In a just-released survey, construction finance officials throughout the country are expressing worries that the longest economic recovery in U.S. history may be coming to an end.
According to a quarterly index released by the Princeton, New Jersey-based Construction Financial Management Association, those same officials are also unnerved by the rising cost of delivering construction services.
The group’s latest index survey shows a general decline in industry confidence reported in June, but as pointed out by Anirban Basu, CFMA’s economic advisor, the real news is “what failed to happen as opposed to what did.”
Basu notes that a decline in industry confidence was initially recorded during the second quarter of 2017.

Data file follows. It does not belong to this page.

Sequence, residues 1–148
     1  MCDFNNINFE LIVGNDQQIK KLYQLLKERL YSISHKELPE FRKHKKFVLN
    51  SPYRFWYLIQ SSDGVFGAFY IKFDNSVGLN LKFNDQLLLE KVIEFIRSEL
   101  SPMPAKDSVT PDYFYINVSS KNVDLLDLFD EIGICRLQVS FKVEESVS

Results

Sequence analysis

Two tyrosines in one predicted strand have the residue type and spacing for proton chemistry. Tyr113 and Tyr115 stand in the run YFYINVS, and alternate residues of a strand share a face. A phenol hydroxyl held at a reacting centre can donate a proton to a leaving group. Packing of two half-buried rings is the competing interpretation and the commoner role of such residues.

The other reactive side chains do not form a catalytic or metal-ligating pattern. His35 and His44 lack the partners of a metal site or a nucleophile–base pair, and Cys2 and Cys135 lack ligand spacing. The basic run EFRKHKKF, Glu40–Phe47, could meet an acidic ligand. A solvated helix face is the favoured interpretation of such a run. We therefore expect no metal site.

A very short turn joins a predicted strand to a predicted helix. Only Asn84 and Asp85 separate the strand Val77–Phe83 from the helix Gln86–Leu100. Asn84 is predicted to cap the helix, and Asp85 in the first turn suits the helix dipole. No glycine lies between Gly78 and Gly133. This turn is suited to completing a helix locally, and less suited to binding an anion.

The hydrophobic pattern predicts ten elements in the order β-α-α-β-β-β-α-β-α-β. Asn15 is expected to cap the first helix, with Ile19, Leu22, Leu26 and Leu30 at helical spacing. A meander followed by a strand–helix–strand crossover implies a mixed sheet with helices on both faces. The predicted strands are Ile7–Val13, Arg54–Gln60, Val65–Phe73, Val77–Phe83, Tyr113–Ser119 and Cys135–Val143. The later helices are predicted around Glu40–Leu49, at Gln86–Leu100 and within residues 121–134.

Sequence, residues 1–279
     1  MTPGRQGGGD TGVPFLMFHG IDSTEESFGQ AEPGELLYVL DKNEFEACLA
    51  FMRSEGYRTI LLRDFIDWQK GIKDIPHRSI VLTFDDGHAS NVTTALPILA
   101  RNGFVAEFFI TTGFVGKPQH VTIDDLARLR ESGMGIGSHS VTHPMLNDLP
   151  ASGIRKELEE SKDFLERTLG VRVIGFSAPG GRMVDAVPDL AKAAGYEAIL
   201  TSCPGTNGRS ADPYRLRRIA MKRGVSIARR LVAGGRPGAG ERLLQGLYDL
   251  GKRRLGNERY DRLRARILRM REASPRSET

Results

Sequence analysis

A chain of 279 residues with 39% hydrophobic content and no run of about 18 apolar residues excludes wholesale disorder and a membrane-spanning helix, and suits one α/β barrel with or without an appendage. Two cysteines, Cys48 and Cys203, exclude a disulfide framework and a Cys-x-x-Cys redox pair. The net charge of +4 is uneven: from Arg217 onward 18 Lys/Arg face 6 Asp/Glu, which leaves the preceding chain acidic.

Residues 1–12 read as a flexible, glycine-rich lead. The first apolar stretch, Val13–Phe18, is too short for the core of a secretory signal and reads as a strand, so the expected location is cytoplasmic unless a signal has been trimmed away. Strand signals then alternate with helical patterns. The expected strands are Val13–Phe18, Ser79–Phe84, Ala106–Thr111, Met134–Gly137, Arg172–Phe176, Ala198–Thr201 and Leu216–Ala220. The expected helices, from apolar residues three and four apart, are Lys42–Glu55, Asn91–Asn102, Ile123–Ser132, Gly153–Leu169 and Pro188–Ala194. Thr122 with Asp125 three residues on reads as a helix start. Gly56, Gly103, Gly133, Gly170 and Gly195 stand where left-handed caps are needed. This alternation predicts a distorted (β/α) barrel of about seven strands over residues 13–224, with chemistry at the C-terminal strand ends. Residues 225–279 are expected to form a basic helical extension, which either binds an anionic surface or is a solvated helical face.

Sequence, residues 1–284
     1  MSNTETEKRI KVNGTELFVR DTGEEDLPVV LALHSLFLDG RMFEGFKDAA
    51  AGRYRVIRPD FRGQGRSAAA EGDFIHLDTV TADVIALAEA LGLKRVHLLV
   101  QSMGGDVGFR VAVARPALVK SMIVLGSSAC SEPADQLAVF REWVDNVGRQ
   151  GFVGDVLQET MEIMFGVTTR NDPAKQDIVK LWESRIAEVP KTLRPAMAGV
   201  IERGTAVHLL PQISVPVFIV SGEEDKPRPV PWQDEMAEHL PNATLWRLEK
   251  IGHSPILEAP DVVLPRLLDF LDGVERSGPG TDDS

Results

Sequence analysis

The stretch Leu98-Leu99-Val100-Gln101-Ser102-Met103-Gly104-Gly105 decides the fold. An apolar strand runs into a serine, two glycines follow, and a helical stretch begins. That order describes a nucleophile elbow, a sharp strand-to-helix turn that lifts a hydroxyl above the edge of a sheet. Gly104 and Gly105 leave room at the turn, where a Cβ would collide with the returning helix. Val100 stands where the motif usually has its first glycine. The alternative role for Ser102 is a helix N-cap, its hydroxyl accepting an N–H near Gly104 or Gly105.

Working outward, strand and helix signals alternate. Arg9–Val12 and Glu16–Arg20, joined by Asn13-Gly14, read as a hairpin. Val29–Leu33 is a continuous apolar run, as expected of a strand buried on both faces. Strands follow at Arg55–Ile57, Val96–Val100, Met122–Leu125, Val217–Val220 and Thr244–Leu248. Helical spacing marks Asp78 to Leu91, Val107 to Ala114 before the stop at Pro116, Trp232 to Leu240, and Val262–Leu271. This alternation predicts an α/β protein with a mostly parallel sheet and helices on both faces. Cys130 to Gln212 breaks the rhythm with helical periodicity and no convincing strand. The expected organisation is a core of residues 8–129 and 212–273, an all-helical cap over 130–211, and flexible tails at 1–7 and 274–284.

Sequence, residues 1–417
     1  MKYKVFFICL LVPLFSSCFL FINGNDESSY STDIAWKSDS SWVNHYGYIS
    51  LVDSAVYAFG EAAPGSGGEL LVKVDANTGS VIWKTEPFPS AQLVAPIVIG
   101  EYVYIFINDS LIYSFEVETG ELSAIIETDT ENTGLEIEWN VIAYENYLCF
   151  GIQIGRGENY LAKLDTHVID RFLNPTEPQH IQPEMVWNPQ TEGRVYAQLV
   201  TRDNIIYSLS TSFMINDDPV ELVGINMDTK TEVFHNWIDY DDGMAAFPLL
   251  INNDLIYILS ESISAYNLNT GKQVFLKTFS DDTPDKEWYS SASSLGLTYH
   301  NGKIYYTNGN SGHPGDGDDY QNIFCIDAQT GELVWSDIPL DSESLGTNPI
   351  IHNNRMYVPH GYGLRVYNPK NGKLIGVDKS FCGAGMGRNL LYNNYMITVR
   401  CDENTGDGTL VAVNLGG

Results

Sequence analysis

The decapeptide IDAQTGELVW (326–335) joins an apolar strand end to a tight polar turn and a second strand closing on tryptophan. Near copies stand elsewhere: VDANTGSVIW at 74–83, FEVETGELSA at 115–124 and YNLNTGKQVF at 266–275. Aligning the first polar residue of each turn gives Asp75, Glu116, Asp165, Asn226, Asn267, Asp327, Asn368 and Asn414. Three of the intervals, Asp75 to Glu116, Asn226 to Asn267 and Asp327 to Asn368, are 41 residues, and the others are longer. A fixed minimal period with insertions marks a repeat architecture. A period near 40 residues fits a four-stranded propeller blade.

But while the June confidence index is down around 7 percent from what it was a year ago, the quarterly confidence index was marginally up by 1.8 percent.
That slight increase indicates that while public accountants, bankers, brokers, and others serving the construction industry remain pessimistic regarding longterm trends, the presence of current economic activity has somewhat tempered that pessimism.
Looking at the larger picture, finance officials believe that the industry’s current growth cycle will finally come to an end by at least 2021.
“Oddly enough, it is in part the current strength of the industry that could itself contribute to the cycle’s end,” adds Basu.
By Garry Boulard
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